David Einhorn Warns Russia-Ukraine War Fuels Inflation, Recession Risk
- David Einhorn warned the Russia-Ukraine conflict could pull the US economy into recession.
- The Greenlight Capital boss accused the Fed of doing too little to combat inflation.
- Einhorn dismissed concerns that the housing market is a bubble about to burst.
David Einhorn warned the Russia-Ukraine conflict could tip the US economy into a
, and accused the
of moving too slowly to curb inflation, in his first-quarter letter to Greenlight Capital’s investors, which was published by ValueWalk this week.
The elite investor’s hedge fund returned 4.4% last quarter, bucking the S&P 500’s 4.6% decline. Einhorn explained why the US government may be exacerbating the energy crisis, and dismissed fears of an impending housing crash.
Russia’s invasion of Ukraine has worsened inflation, supply disruptions, and shortages of energy, food, raw materials, and labor, Einhorn said. The Greenlight boss cautioned the rising costs of food, gas, and rent could erode demand and spark a recession, as consumers may be forced to reduce their discretionary spending.
Einhorn argued the Fed’s sluggishness to hike interest rates and reduce bond purchases has also fueled inflation. He ridiculed the amount of concern on Wall Street about whether the next rate hike will be 0.25 percentage points or 0.5, when rates are still near zero.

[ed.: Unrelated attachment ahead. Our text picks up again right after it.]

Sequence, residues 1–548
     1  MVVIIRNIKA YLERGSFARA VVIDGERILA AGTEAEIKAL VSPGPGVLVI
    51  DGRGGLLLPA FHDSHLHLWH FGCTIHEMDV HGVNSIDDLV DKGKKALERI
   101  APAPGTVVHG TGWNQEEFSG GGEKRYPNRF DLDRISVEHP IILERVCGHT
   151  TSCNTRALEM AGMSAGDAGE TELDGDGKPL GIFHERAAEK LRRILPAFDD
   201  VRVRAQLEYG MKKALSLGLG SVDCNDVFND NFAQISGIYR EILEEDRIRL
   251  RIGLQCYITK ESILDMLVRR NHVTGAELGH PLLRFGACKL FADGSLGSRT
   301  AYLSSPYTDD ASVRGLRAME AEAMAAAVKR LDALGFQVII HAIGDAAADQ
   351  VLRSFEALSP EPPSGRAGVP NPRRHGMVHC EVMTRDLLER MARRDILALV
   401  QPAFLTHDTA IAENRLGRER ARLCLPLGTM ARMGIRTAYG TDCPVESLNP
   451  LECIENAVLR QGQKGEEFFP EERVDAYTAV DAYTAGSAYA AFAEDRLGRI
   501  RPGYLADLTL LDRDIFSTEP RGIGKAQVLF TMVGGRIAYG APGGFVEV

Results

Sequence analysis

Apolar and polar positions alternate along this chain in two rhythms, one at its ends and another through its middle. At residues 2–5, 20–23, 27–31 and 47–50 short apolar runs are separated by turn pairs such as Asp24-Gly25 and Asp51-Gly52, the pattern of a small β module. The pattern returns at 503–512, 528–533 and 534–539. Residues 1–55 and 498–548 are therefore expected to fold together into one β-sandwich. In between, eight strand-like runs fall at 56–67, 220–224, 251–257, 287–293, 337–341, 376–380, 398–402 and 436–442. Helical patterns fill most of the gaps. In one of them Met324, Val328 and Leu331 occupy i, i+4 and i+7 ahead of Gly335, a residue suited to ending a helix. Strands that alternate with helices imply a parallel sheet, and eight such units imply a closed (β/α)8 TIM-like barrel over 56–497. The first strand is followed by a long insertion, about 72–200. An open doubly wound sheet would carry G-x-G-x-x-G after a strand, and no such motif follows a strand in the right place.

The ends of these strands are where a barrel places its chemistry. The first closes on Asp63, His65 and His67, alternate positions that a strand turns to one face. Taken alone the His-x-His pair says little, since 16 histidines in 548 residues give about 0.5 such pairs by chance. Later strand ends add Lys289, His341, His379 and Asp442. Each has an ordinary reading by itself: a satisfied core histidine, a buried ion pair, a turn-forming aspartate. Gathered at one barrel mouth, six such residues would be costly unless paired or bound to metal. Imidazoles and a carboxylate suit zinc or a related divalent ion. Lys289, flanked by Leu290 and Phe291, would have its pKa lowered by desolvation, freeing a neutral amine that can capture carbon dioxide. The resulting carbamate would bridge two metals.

“This feels like trying to figure out whether it’s best to clear a foot of snow from your driveway with a soup ladle vs. an ice-cream scooper,” he wrote in his letter.
The hedge fund manager warned the US government’s efforts to address high energy prices could drive them even higher. Granting gas-tax holidays and releasing strategic oil reserves might boost demand, he noted.
Meanwhile, attacking fossil-fuel producers for their profits, discouraging investment in energy infrastructure, and threatening new taxes could reduce supply, he said.
Finally, Einhorn waved away parallels between the current housing boom and the the mid-2000s real-estate bubble. He acknowledged concerns about rising house prices, higher interest rates, slowing sales and housing starts, growing inventories, and an increase in cancellations in recent months.
However, he noted that 15 years ago, there was a surplus of homes, mortgage rates were much higher, and homebuilders were more indebted, raising the odds of mass defaults and a market collapse. In contrast, there’s a shortage of homes, mortgage rates are lower, underwriting standards are stronger, and there’s less speculation and less leverage in the current market, he said.
“Homebuilders have not overbuilt, and are not sitting on speculative inventory to be liquidated into a hypothetical downturn,” Einhorn said.